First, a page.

South Korea and Japan Will End Overseas Coal Financing. Will China Catch Up?

WRI.org

Since 2013, public finance from China, Japan and South Korea accounted for more than 95% of total foreign financing toward coal-fired power plants. This financing enabled the construction and operation of coal power plants in developing countries, where investment in power supply does not match demand. These investments also came at a time when the global carbon budget was already overstretched.

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China key to Vietnam’s solar success

Chinadialogue.net

A rapid rise in Vietnam’s solar power has been boosted by Chinese finance and technology, but more support is still going to fossil fuels

Solar energy in Vietnam has grown rapidly since 2018, supported by Chinese finance and technology (Image: Alamy)Solar energy in Vietnam has grown rapidly since 2018, supported by Chinese finance and technology (Image: Alamy)

Linh Pham

June 30, 2021

Vietnam has been a Southeast Asia solar success story. It went from having barely any generation in 2018 to a quarter of its total installed capacity being solar – a 100-fold increase in two years.

This rapid growth is mainly down to the Vietnamese government’s feed-in tariff which provides a guaranteed above-market price for renewable energy producers; other incentives signed off in 2017 in an attempt to pivot away from lagging fossil fuel projects; and cheaper solar panels, some of which are assembled domestically.

Around 99% of the installed solar panels in Vietnam come from China. At the same time, China is one of the few countries that still lends Vietnam money to build coal plants.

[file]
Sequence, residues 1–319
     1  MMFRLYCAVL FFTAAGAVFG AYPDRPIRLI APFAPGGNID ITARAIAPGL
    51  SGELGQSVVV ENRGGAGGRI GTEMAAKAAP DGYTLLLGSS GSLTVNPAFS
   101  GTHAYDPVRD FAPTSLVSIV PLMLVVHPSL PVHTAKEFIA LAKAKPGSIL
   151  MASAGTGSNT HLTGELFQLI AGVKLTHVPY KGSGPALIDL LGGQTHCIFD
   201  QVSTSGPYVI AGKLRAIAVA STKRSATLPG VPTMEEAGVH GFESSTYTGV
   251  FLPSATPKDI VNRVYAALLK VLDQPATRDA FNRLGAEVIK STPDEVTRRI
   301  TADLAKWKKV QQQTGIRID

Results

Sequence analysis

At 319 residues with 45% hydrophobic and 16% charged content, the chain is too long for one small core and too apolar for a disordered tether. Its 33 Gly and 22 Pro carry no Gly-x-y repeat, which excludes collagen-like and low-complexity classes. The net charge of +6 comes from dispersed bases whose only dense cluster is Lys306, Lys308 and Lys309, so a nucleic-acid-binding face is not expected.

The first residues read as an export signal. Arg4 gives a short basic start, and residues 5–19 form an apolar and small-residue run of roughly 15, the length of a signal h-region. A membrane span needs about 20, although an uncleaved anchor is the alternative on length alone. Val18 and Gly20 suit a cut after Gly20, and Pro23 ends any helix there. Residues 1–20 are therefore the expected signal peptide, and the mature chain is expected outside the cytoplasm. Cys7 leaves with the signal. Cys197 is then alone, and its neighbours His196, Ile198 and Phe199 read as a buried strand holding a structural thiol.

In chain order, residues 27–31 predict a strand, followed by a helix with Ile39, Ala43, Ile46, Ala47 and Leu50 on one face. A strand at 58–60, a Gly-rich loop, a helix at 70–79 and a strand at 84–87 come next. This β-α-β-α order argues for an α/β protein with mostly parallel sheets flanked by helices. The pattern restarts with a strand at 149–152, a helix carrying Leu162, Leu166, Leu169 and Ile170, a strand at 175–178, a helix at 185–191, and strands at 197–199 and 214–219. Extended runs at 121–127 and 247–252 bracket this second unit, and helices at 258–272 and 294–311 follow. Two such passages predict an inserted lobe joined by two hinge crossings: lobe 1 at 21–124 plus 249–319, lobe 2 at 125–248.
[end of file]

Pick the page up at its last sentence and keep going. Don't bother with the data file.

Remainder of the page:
China’s future role in Vietnam’s power system will be shaped by the latter’s newest plan for its power sector. The final version of the Power Development Plan 8 is due to be published in June, though it has been postponed before and may be again.

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Asia’s new coal plant plans jeopardize climate targets, report says

China, India, Indonesia, Japan and Vietnam plan to build more than 600 new coal-fired power projects, with a combined capacity of more than 300 gigawatts. Most would prove uneconomical and the new plants would put international climate goals out of reach.

By Reuters   June 30, 2021 | 08:37 am GMT+7 VNExpressAsia's new coal plant plans jeopardize climate targets, report saysA coal power plant in Vietnam’s northern province of Thai Binh in 2019. photo by VnExpress/Gia Chinh.

Five Asian countries including Vietnam are responsible for 80 percent of new coal power plants planned around the world, the Carbon Tracker group said on Wednesday.

China, India, Indonesia, Japan and Vietnam plan to build more than 600 new coal-fired power projects, with a combined capacity of more than 300 gigawatts, the group said, adding most would prove uneconomical and the new plants would put international climate goals out of reach.

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Vietnam needs coal-fired plants for 15 years at least

By Duc Minh   March 19, 2021 | 10:14 am GMT+7 VNExpressVietnam needs coal-fired plants for 15 years at leastVinh Tan Power Plant 4 in the central province of Binh Thuan. Photo by Shutterstock/pDang86.Despite the associated environmental problems, Vietnam cannot do without coal-fired power plants for another 15 years at least, experts say.

There is no current alternative that can help Vietnam ensure energy security and maintain stable prices, they add.

There are several coal-fired plants in the pipeline, set to be be built by 2025, including the Nam Dinh 1 and Thai Binh 2 in northern Vietnam, and even after 2035 the country will still need a small number of coal-fired plants to keep prices from rising too high, the Institute of Energy says in a comment on the country’s latest energy development plan.

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Samsung targeted by NGOs for proposal to build coal power station in Vietnam

Famous for innovation in consumer electronics and a progressive approach to sustainability, Samsung has been called out by NGOs for links to the construction of the controversial Vung Ang 2 coal-fired power plant in Vietnam.